Setback in battle against compulsory retirement

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The Independent Online

Campaigners for age equality today lost a key stage in their legal battle to banish the compulsory retirement age in the UK.

An Advocate-General at the European Court of Justice in Luxembourg rejected Age Concern's claim that compelling people to stop work at or after 65 without compensation breaches EU equality requirements.

Today's legal opinion is a blow to hundreds of people forced to retire against their wishes who are claiming compensation through UK employment tribunals.



About 260 cases are already on hold in tribunals, awaiting the outcome of the Age Concern test case, and thousands more claims could follow from pensioners forced to retire against their will.

But the Advocate-General has now argued that a fixed retirement age is not necessarily contrary to EU rules.

Lawyers for Age Concern told a hearing earlier this year that the UK Employment Equality (Age) Regulations breach the EU's Equal Treatment Directive, which bans employment discrimination on grounds of, amongst other things, age.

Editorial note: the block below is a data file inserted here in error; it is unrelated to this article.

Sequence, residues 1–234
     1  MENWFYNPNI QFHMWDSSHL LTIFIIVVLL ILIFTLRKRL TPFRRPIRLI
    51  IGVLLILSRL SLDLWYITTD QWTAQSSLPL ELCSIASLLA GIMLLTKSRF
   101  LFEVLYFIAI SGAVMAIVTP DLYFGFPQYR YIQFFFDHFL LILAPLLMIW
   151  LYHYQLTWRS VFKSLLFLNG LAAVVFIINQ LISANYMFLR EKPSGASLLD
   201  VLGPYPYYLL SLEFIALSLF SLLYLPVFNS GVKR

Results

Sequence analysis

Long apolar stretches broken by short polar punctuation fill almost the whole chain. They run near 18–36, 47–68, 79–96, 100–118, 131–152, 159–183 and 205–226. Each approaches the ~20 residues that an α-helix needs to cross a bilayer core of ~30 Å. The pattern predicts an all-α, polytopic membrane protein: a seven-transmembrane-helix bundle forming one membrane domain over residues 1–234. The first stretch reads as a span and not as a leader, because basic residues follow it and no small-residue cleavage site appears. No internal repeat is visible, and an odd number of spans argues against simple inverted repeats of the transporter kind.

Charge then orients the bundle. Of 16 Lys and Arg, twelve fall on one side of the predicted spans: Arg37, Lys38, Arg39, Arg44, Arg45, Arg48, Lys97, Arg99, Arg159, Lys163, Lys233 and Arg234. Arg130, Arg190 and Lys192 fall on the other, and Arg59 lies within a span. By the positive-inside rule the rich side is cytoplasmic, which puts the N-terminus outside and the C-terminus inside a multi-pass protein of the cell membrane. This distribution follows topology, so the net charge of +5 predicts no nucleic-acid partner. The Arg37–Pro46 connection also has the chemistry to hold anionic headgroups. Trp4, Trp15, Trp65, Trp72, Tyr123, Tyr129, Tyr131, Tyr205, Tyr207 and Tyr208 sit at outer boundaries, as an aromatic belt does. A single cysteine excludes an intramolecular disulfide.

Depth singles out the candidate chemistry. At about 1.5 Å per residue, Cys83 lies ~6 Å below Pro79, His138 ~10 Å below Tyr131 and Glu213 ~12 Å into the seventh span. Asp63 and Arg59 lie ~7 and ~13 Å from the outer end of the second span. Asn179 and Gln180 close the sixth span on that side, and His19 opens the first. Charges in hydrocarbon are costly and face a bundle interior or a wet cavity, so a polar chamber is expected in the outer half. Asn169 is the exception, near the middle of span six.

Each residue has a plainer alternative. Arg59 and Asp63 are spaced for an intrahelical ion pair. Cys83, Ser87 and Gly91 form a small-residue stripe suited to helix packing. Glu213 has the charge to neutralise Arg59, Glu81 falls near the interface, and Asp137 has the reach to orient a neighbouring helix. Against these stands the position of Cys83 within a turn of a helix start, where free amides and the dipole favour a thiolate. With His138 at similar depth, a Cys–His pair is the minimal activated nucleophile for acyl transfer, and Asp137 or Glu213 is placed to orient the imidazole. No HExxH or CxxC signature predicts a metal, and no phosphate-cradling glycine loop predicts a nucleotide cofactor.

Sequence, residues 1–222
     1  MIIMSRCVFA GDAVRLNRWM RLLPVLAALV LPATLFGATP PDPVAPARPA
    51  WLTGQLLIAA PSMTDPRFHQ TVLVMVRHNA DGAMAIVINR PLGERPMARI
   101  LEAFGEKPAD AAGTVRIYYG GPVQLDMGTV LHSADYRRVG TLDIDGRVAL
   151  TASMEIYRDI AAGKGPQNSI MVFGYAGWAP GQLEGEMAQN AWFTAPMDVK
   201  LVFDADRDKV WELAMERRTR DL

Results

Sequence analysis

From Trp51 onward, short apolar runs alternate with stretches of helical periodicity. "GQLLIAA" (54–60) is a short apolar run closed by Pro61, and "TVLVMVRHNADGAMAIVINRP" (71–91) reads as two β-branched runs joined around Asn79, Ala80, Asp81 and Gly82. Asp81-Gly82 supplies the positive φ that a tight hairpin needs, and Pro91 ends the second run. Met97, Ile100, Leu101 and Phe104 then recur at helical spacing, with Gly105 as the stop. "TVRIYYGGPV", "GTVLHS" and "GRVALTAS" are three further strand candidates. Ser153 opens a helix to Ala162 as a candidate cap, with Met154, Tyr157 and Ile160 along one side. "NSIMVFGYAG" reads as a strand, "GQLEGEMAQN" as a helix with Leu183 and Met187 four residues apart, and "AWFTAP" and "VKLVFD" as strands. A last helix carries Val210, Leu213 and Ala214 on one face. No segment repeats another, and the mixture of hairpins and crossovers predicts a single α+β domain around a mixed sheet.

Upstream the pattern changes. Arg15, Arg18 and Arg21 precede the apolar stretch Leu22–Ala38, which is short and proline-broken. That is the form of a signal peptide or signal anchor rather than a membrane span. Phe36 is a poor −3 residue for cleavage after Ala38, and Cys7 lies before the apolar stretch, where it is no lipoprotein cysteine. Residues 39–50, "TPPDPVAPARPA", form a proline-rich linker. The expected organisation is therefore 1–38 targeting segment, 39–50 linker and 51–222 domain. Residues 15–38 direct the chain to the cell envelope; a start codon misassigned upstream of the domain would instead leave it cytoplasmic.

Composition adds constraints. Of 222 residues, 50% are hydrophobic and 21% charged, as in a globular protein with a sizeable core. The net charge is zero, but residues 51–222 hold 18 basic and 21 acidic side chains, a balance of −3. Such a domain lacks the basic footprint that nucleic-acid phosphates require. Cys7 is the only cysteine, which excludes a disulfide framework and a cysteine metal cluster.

The UK Regulations, introduced in 2006, do ban discrimination on grounds of age, but excludes pensioners, who can be dismissed at 65 without redundancy payments, or at the employer's mandatory retirement age if it is above 65.

Government lawyers insisted the exception was a matter for national rules, and the situation of retirement age workers should not be governed by the EU Directive.

One of Age Concern's member organisations, Heyday, took the case to the High Court, which sent it to the EU court for a ruling.

In today's "opinion", the Advocate-General, Jan Marzak, agreed with Age Concern that UK rules on mandatory retirement are covered by the EU Directive.

But he made clear that discrimination on grounds of age could be justified in certain circumstances.

Allowing employers to force employees to retire aged 65 or over "can in principle be justified if that rule is objectively and reasonably justified in the context of national law by a legitimate aim relating to employment policy and the labour market, and it is not apparent that the means put in place to achieve that aim of public interest are inappropriate and unnecessary for the purpose".

Today's "opinion" is not legally binding, but is followed by the EU judges in about 80% of cases. The final verdict is due in about six months.

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